Wonderful Women Wednesday: Dr. Carol Farrington Jopling

Each week, the Archives features a woman who has been a groundbreaker at the Smithsonian, past or present, in a series titled Wonderful Women Wednesday.

Dr. Carol F. Jopling, an expert on the anthropological study of architecture, was the chief librarian of the Smithsonian Tropical Research Institute between 1981 and 1984. She had previously worked for the Smithsonian’s Bureau of American Ethnology in 1961 and 1962.

Jopling had also been a librarian with the University of Maryland in 1960 and 1961. She worked for the Library of Congress in 1961, the U.S. Information Agency in 1962 and 1963, and the Central Intelligence Agency from 1963 to 1967. Between 1967 and 1975, Jopling taught anthropology at American University, Catholic University, North Adams State College, Harvard University, University of Massachusetts-Amherst, and Tufts University. Prior to returning to the Smithsonian, she was a research associate at Harvard’s Peabody Museum between 1975 and 1979. 

Jopling earned a bachelor’s degree from Vassar College in 1938, a master’s degree in library science from Catholic University in 1960, and a second master’s degree in anthropology from Cathiuc University in 1963. She received a doctorate in anthropology from the University of Massachusetts in 1973. Her dissertation was titled  “Women Weavers of Yalalag; Their Art and Its Process."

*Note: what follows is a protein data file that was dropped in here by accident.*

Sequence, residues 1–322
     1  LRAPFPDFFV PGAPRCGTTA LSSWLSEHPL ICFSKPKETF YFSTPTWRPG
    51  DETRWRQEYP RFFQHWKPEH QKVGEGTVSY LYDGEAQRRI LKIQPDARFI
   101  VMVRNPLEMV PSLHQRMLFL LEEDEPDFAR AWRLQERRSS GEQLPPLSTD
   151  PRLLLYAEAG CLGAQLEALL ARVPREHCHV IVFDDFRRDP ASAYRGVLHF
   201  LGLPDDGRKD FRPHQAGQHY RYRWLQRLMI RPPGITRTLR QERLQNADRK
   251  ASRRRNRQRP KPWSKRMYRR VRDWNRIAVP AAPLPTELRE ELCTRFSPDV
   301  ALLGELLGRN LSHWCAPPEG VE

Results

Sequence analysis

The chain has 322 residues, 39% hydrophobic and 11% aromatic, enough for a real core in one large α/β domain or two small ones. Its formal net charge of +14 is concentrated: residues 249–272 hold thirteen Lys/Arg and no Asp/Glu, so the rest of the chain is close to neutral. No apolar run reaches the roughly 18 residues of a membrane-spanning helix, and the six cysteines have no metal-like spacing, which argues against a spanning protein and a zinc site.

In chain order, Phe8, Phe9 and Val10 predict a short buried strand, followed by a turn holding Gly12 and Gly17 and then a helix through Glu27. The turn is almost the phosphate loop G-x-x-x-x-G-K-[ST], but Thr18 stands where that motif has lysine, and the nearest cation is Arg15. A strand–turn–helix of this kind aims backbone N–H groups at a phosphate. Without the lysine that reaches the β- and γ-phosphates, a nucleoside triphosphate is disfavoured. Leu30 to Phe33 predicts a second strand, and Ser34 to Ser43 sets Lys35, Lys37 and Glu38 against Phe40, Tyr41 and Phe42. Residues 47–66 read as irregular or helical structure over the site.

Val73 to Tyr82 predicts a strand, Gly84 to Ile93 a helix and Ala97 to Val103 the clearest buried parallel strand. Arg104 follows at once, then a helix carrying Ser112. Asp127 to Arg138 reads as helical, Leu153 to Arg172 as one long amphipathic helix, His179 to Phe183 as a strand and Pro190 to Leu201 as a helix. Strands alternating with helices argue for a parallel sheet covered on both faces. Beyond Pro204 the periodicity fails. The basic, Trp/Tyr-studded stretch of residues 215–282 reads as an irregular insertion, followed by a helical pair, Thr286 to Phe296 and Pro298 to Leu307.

She was the author of the Art and Aesthetics in Primitive Societies (1971), Puerto Rican Houses in Sociohistorical Perspective (1988), and Churches of Somerset County, Maryland (2000).  

Photograph of Jopling standing outside of the library in Panama. Photograph courtesy of the Smithsonian Tropical Research Institute.

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